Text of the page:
It has been two and half weeks since my knee replacement. I’ve been driving for the last week and went to work on Thursday for the first time since the surgery. All in all I’m pretty happy with the recovery process from such a major procedure.
As my recovery progresses and I begin tackling new tasks, I have noticed I am closely focusing on the details. I am still getting around on a walker, which at best is cumbersome and sometimes painful. I have been breaking down the simplest trips around the house step by step. I consider everything I need to accomplish, plan a path and order to the tasks to make the shortest journey possible. Back tracking isn’t an option. Basic things, such as putting on a sock. I consider every bend and flex of my knee to utilize the least movements possible. Every physical task is broken down step by step to insure the least movement possible. I attempt to have everything I need by my side. I am using a lap top and have a brief case with all the papers and folders I might need. As a preventative step I try to anticipate needs and address them before I sit down. Will I need a drink or something to eat? I gather them up and have them in place before I sit back down.
If you are a reader of my blogs you know I relate everything back to my job, as I am going to do here. LEAN! I’m practicing Lean recovery!!! They say companies are usually facing a disaster when they finally institute Lean. I don’t know if a knee replacement is a disaster but it is up there on the list. Every task I encounter is broken down and analyzed seeking the most efficient method. Like items and processes are kept close together. 5s is established in my “work space, seeking just what I need in arms reach. Continuous improvement is utilized as I change tasks and routines when an easier way is found. The only thing missing is documentation. I haven’t written any work instructions,,,,,YET. Since I am going back in a few weeks to replace my other knee maybe I should be writing work instructions.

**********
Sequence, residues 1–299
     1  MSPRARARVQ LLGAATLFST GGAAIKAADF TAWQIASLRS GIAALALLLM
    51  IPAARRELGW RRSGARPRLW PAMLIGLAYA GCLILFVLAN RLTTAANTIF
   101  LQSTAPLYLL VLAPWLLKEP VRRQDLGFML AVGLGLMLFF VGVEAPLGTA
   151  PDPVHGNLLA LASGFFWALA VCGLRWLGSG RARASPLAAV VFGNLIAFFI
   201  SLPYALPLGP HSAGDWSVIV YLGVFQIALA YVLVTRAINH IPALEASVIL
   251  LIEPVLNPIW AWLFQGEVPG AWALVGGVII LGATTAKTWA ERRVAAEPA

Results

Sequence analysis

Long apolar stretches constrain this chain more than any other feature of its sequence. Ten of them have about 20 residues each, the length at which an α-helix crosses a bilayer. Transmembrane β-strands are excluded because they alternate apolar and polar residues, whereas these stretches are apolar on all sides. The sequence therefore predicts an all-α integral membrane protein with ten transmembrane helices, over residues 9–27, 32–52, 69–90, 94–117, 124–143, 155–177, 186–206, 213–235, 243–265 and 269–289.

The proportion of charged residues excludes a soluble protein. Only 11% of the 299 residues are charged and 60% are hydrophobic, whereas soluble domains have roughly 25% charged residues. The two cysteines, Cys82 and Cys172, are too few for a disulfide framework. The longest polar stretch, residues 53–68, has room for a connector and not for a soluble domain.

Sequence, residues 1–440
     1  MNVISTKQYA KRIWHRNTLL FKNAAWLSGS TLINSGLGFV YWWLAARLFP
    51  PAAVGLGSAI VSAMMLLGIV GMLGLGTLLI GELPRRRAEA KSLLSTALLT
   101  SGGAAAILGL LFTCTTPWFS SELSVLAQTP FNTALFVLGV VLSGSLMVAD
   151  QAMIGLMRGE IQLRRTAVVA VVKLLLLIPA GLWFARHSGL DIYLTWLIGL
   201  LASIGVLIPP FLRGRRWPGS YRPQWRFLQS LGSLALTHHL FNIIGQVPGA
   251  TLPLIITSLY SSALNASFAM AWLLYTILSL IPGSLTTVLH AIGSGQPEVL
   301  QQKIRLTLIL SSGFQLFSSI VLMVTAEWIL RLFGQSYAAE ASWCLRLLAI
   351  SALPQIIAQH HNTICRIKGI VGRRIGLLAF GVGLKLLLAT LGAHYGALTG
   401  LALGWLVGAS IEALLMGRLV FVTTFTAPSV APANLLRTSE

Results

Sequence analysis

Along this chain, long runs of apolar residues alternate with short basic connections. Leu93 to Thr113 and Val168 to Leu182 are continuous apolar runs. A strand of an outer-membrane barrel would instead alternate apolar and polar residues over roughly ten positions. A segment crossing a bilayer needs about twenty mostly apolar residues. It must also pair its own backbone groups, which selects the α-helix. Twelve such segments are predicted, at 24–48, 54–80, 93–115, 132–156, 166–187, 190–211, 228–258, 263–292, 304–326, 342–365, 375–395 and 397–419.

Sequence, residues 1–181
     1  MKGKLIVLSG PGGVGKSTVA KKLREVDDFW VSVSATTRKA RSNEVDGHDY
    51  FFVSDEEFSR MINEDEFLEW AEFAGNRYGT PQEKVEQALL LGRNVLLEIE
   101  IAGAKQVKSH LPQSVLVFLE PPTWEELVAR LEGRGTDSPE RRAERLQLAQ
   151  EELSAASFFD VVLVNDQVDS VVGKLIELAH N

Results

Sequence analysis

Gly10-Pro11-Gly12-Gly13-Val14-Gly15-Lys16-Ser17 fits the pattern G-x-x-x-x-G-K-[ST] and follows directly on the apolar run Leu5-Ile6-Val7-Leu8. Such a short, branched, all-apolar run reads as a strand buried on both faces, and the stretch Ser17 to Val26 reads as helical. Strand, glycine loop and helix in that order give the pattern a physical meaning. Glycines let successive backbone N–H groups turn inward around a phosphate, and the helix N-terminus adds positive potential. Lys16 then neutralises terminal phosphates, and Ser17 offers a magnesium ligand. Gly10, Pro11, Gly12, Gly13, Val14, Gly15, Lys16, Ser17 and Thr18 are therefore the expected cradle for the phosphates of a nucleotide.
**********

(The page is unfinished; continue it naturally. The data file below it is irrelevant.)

So what’s the point? The point is what I have been saying all along. This Holy Grail of manufacturing, Lean is simply common sense. That’s it. At Ebsco we have built a continuous improvement plan around Lean but not dictated by Lean that we call E=cs² or Ebsco = common sense squared with the squared being Lean. It’s nothing more yet nothing less than common sense. So before you go out and spend dollars on consultants and launch grand Lean programs, just consider, It’s Simply Common Sense. The principles of Lean are well worth studying. Just don’t get so caught up that you forget the common sense.